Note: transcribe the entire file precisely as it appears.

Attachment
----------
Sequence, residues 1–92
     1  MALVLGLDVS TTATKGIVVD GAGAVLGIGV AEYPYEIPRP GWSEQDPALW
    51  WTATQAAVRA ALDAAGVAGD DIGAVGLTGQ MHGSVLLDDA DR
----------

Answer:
Sequence, residues 1–92
     1  MALVLGLDVS TTATKGIVVD GAGAVLGIGV AEYPYEIPRP GWSEQDPALW
    51  WTATQAAVRA ALDAAGVAGD DIGAVGLTGQ MHGSVLLDDA DR